Court Overturns Virginia School's Transgender Bathroom Policy
The ruling by the U.S. Fourth Circuit Court of Appeals could shape the fight over House Bill 2 in North Carolina.
By Anne Blythe
A transgender teen persuaded the U.S. Fourth Circuit Court of Appeals that banning him from using the boys' bathroom at his high school in rural Virginia is a case that should be heard in court.
The 2-1 ruling, which came Tuesday afternoon, could shape the fight over House Bill 2 in North Carolina and have an impact on a lawsuit filed in March by two transgender people and a lesbian law professor.
North Carolina, like Virginia, is part of the Fourth Circuit.
The teenager who brought the case, Gavin Grimm, 16, and his attorneys argued before a U.S. Court of Appeals panel in January and adds clarity to how the appeals court plans to interpret the question of whether bathroom assignment should be based on the gender on a student's birth certificate or the gender with which a person identifies.
The federal Department of Education's Office of Civil Rights sent an opinion letter dated Jan. 7, 2015, that stated it was OK for schools to permit the provision "separate toilet, locker room, and shower facilities on the basis of sex" as long as the facilities provided for one gender were comparable to what was provided to the other. "When a school elects to separate or treat students differently on the basis of sex... a school generally must treat transgender students consistent with their gender identity.
"The Department's interpretation resolves ambiguity by providing that in the case of a transgender individual using a sex-segregated facility, the individual's sex as male or female is to be generally determined by reference to the student's gender identity," Judge Henry Floyd wrote in Tuesday's majority opinion.
In reversing the lower court in Virginia, the 4th Circuit panel said the judge had used the wrong legal standard in denying the student a request to halt the bathroom ban while his case pended in court. Grimm, whose case has brought national attention to the LGBT fight over public restrooms, was born with female anatomy, according to his court filing, but came out to in high school as a transgender male.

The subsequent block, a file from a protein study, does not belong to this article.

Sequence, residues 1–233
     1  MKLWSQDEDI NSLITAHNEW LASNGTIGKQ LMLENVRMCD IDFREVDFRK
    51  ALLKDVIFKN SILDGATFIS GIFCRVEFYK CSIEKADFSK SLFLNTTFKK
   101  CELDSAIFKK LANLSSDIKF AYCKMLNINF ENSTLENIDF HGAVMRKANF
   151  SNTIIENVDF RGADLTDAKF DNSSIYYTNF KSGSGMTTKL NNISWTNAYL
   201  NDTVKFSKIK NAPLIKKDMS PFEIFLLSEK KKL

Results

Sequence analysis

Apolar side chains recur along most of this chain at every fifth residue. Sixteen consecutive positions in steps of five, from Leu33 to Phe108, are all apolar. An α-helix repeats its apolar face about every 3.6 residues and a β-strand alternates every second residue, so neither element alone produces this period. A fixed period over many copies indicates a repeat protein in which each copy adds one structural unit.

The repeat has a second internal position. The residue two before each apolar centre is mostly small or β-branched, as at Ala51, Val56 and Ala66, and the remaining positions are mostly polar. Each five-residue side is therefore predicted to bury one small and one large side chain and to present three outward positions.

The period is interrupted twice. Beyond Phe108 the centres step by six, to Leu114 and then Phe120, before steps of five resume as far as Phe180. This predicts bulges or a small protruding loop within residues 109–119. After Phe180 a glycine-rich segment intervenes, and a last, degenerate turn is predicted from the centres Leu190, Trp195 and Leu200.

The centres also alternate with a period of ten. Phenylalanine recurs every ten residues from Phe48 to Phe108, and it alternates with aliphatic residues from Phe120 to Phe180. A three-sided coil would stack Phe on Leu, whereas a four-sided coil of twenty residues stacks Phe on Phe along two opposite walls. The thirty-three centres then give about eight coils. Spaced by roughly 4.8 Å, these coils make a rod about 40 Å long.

The Tuesday ruling also reverses a lower court ruling in which a judge agreed to dismiss the Grimm case upon request from the Gloucester County, Va., school board.
The 4th Circuit is the highest court to consider a question about whether bathroom restrictions, such as those in North Carolina's controversial House Bill 2, constitute sex discrimination and a violation of Title IX, the federal law governing gender harassment and discrimination. The decision could have reach beyond Virginia.
In response, the American Civil Liberties Union, ACLU of North Carolina, and Lambda Legal released a joint statement shortly after the ruling.
"Today's ruling makes plain that North Carolina's House Bill 2 violates Title IX by discriminating against transgender students and forcing them to use the wrong restroom at school," the organizations stated. "This mean-spirited law not only encourages discrimination and endangers transgender students -- it puts at risk billions of dollars in federal funds that North Carolina receives for secondary and post-secondary schools. House Bill 2 exposes North Carolinians to discrimination and harm, is wreaking havoc on the state's economy and reputation, and now more than ever, places the state's federal education funding in jeopardy. We again call on Governor McCrory and the General Assembly to repeal House Bill 2 and replace it with full nondiscrimination protections for LGBT people."
Gov. Pat McCrory filed a so-called "friend of the court" brief in support of the bathroom ban in Virginia.
(c)2016 The News & Observer (Raleigh, N.C.)